Dealing with risk: island and remote practice

In a recent BMJ article (August 14) an A&E specialist worries about deskilling and loss of confidence in carrying out procedures that used to be routine, for instance in advanced airway management because anaesthetists are increasingly called in.

  • Date: 02 October 2014

In a recent BMJ article (August 14) an A&E specialist worries about deskilling and loss of confidence in carrying out procedures that used to be routine, for instance in advanced airway management because anaesthetists are increasingly called in.

It is accepted in The British Resuscitation Guidelines that non-specialists should not waste vital time attempting endotracheal intubation in cardiac arrest, due to lack of practice, relying instead on simpler ways of protecting the airway.

This is a great relief to GPs such as me who work in community hospitals and may only be involved in CPR once or twice a year. But there is a wider question of how to maintain competence in the variety of infrequent problems and procedures encountered in isolated parts of the country.

Until four years ago I was a GP on a Scottish island and with five colleagues looked after a population of 7,000. As well as normal GP work we had 12 beds in the community hospital and an A&E department which had to accept all blue-light emergencies. There was no opting out of on-call and we provided 24-hour cover, often on-call alone. The nearest district general hospital was over an hour away, including 25 minutes on a ferry which stops at night and then we had to rely on helicopter transfers. It was a very enjoyable if tiring role as a GP/hospital practitioner. I was able to do practical things such as suturing, looking at X-rays and putting on plasters, but I was also occasionally faced with complex emergencies.

Things that a main A&E department might deal with on a weekly basis we saw maybe once in two or three years. For instance, from memory, during the 13 years I reduced three or four dislocated shoulders and two fracture dislocations of the ankle, inserted three or four suprapubic catheters, carried out a ventouse delivery for delay in the second stage of labour with foetal distress, and put in an umbilical catheter in a baby born unexpectedly at 33 weeks to give glucose whilst waiting some hours for the neonatal retrieval team to come. More frequently we saw seriously ill patients and a few seriously injured.

Did I have the competence to do all this? I felt I had, even without any supervised training in much of it, and apart from the shoulders they all had to be dealt with promptly and I was there.

Courses are a good way of developing and maintaining skills. The ATLS (advanced trauma and life support) course is one of the best for this type of work, and I attended two courses eight years apart. ALS (advanced life support) is also useful and BASICS (British association for immediate care) run many good courses in urgent care for isolated practitioners, including maternity emergencies. These courses are practical, using manikins whenever possible, and are extremely relevant and well done.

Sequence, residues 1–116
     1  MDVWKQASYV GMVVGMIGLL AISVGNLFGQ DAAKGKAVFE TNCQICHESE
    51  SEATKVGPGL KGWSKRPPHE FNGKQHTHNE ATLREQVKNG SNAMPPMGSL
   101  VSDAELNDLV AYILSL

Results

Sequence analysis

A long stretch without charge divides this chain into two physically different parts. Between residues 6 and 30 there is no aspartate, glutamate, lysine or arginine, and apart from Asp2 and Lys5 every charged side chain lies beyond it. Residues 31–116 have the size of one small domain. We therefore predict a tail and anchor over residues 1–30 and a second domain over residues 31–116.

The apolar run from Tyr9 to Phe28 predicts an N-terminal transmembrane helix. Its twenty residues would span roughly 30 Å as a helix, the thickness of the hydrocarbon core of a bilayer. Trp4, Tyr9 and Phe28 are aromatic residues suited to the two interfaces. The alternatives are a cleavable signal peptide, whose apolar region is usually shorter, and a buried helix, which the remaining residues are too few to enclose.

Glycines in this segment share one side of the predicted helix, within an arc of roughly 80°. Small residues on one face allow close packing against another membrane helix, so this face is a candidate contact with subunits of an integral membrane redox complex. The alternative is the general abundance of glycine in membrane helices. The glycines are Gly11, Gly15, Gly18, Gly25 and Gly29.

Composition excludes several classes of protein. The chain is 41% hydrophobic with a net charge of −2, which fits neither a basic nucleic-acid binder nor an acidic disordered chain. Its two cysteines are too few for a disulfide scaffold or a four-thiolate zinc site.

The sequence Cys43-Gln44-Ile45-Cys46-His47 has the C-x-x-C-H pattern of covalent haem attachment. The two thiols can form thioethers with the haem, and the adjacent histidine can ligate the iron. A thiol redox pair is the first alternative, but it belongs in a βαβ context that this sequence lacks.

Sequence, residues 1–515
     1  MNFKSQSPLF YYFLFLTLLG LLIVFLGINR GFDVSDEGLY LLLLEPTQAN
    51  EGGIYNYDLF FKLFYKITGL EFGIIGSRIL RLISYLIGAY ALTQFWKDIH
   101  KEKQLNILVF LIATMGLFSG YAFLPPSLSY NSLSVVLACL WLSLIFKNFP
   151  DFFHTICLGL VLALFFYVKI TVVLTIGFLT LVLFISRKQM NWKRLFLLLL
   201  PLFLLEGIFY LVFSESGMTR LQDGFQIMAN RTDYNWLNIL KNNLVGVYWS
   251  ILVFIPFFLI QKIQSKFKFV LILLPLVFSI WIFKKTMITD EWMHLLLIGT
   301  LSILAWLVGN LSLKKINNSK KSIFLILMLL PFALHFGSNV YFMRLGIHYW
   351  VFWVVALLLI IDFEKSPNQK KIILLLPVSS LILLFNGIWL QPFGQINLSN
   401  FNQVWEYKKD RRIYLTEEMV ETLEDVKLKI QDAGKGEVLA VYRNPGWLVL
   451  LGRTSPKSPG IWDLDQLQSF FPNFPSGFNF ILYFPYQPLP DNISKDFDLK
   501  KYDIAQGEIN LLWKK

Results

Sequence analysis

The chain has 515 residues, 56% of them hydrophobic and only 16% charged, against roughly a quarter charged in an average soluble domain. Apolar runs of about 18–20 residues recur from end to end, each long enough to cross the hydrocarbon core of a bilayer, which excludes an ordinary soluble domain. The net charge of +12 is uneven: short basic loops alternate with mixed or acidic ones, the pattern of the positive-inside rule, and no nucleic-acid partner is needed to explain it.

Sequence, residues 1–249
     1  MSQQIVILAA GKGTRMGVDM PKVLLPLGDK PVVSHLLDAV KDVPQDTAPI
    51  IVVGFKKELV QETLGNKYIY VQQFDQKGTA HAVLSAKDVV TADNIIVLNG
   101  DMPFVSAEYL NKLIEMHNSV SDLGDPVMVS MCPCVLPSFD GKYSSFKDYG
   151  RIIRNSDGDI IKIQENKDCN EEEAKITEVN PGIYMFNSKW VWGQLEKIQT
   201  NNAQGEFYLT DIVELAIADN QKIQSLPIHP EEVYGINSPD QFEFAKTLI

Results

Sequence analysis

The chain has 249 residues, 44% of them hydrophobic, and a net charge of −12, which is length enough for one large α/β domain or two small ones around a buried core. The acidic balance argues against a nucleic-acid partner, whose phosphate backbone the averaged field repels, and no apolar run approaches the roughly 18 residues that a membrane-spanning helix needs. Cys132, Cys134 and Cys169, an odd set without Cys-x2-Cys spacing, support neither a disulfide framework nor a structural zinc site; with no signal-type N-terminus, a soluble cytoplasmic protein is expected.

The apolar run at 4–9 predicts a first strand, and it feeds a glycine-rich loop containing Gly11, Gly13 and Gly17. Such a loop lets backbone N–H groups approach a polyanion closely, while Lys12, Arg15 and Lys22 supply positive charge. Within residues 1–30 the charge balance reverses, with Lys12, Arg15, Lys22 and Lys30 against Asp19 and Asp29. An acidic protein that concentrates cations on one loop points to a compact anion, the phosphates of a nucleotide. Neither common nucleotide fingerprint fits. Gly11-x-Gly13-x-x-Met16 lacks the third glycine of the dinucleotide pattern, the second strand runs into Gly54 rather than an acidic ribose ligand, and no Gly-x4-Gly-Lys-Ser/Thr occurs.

We allowed ourselves one week postgraduate training a year so it was difficult to fit in all that was needed and impossible to keep refreshed in every procedure that might be faced. In the ideal world we could arrange drills in the hospital to practice emergencies, for instance for CPR, postpartum haemorrhage, shoulder dystocia, etc. We did this for CPR but it was difficult to schedule for all practitioners, including the ENPs (emergency nurse practitioners) as well as midwives.

The introduction of ERMS (Emergency Medical Retrieval Service) has been a step-change for us. Not only does it provide dedicated telephone access to an A&E or intensive care consultant for advice, ERMS personnel are also equipped to come out to our hospitals, usually by helicopter. They prepare patients properly for transfer to mainland IT units, including being able to anaesthetize to give full airway control. On top of this they provide feedback on our individual cases and run case analysis sessions, as well as practical training days.

In the end you have to judge your own competence against the need of the patient. By attending appropriate courses it is possible to maintain skill and more importantly develop confidence. Working in a small place, your actions are discussed and judged – and you still have to shop in the Co-op! If you can’t cope with that then isolated practice is unlikely to suit you.

This page was correct at the time of publication. Any guidance is intended as general guidance for members only. If you are a member and need specific advice relating to your own circumstances, please contact one of our advisers.

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